Does Vitamin D Make a Difference For Immune Support

Does Vitamin D Make a Difference For Immune Support

Vitamin D – the ‘sunshine vitamin’ – is best known for its ability to keep bones strong.

But it also plays a key role in keeping the immune system strong. Making it an important micronutrient to benefit for seasonal challenges.

While vitamin D may not help prevent an infection directly, it may be able to assist with reducing severity and duration of a contracted illness.


What is Vitamin D

Vitamin D is a fat-soluble vitamin linked to several important functions of the body. An adequate amount can also provide several benefits throughout the lifespan.

It is also not just one vitamin – vitamin D comes in many forms. The most common forms are D2 and D3, which are derived from different sources. But can both be found in supplement form.

Vitamin D2 is found in plant-based foods. Including mushrooms and fortified foods like dairy, cereals, and juices (1).

Vitamin D3, however is found in animal-sourced foods, fatty fish (i.e., salmon), cheese, and egg yolks (2). However, D3 is also the form of vitamin D found in sunlight and can be produced by the skin (1). This version is also more effective in the body.

Vitamin D – in all its forms – is best known for its ability to keep bones strong. Also, for its ability to regulate mood and assist the brain in functioning properly. However, vitamin D is also essential for keeping the immune system strong and healthy.


2 Ways Vitamin D Strengthens Your Immune System

Vitamin D is involved in many parts of the immune system, protecting the body against a number of viruses, infections, and illnesses.

Most important are – promoting immune response, boosting immune cell function, and protecting the respiratory system from infections. 

  1. Promoting immune response

Vitamin D is one of the most crucial micronutrients involved in regulating immune responses in the body and system adaptation. This is because it has immunomodulatory properties, essential for activating the body’s immune defenses (3).

Also, vitamin D is a crucial component of immune antibodies and enzymes (4). 

  1. Immune cell function

 Vitamin D assists in the function of immune cells and enhances their functions when needed (4). 

These cells are found all across the body. Even within the body’s first line of defense – the skin. 

Will Vitamin D Help You During Seasonal Challenges?

There is little evidence that vitamin D can prevent infections like the cold and flu. But because of its proven functions in supporting the immune system, vitamin D may help you through cold and flu season (5).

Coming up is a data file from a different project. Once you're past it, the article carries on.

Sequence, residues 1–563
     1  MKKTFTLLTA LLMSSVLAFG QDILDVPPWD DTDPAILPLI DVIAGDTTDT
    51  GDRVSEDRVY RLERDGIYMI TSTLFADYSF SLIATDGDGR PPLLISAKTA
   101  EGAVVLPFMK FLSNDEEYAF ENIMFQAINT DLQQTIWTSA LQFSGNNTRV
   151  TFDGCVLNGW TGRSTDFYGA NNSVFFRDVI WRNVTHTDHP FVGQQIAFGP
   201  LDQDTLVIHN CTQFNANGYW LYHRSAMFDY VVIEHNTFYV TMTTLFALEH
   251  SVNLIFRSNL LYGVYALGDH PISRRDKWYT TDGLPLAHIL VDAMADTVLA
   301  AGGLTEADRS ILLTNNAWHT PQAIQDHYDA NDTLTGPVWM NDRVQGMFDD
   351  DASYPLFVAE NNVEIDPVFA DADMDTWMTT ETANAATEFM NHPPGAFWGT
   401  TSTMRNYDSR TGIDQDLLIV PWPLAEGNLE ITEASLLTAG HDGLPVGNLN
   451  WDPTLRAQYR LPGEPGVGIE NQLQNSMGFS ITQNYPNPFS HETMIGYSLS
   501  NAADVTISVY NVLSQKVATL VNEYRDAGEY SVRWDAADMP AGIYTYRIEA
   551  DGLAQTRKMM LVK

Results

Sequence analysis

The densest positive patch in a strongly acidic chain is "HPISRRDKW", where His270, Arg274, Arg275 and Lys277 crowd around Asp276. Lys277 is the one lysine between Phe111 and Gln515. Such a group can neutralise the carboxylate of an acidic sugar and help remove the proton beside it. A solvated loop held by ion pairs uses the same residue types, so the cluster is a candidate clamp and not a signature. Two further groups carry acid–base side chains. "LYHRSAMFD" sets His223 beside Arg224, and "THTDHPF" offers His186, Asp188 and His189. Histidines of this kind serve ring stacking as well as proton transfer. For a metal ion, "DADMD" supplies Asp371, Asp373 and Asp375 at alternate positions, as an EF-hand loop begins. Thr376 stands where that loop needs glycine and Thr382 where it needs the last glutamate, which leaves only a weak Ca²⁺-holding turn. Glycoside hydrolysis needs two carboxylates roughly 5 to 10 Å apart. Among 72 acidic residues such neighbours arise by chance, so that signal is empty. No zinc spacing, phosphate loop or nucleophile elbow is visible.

With the vitamin’s ability to improve immune response and promote immune cell function can assist in fending off harmful pathogens. They may also reduce severity and duration if you happen to contract an illness.


Other Benefits of Vitamin D

Beyond immune system strength, vitamin D provides the body several other benefits –keeping bones strong, boosting brain health, and may improve the symptoms of depression.

These functions also play essential roles in keeping the body healthy during cold and flu season as you age. 

  1. Keeps bones strong

 Vitamin D plays a significant role in the mineralization, maintenance, and repair of bone. Not only bones of the body, but also teeth and cartilage.

It is important for regulating the amount of calcium and phosphorous absorbed into the blood stream through the intestines, which are both important minerals for bone building (1). Higher intake of vitamin D is linked to higher bone density.

  1. Boosts brain health

The brain, and nervous system, also benefits from vitamin D.

It is present in cells, tissues, receptors, and neurons in the brain – allowing efficient sensory, motor, and cognitive messages to be sent (6).

Vitamin D also assists with the delivery of calcium to the brain, which is important for internal messaging and memory. 

  1. Improves mood

Low levels of vitamin D increase risk for unstable mood. When deficient in vitamin D3, receptors and neurons are unable to function efficiently. This leads to a declining and unstable mood (7).


Daily Requirements of Vitamin D

The recommended daily intake for vitamin D3 is 600 IU (15 mcg) for all male and female adults between the ages of 18 and 70 years old (1).

However, recommendations can vary based on age, geographic location, skin type/color, and even sunscreen usage and sun exposure (1).


Avoid Vitamin D Deficiency During Cold and Flu Season

Low intake or minimal sun exposure can lead to vitamin D deficiency. A deficiency of vitamin D is especially important during cold and flu season.

Being vitamin D deficient can result in several complications. Including (1): 

  • Fatigue
  • Bone and muscle pain
  • Unstable and depressed mood
  • Decreased wound healing
  • Hair loss

Low levels of vitamin D is also associated with a poor immune response. Increasing risk of contracting illnesses caused by harmful viruses or bacteria. Especially the respiratory tract, which is the most susceptible bodily system to bacterial infection during a vitamin D deficiency (3).

To avoid deficiency, make sure to access plenty of sunlight, vitamin D-rich foods, or a high-quality supplement.


How to Boost Your Immunity with Vitamin D this Cold and Flu Season

While vitamin D may not directly reduce your risk of coming into contact with a virus, it may help minimize your illness this season (5).

Make sure you are consuming plenty vitamin D-rich foods or are getting enough sunlight to keep your immune system strong. Or consume a high-quality supplement for the most benefit – even beyond immunity.


Author: Allison Lansman, RDN, LD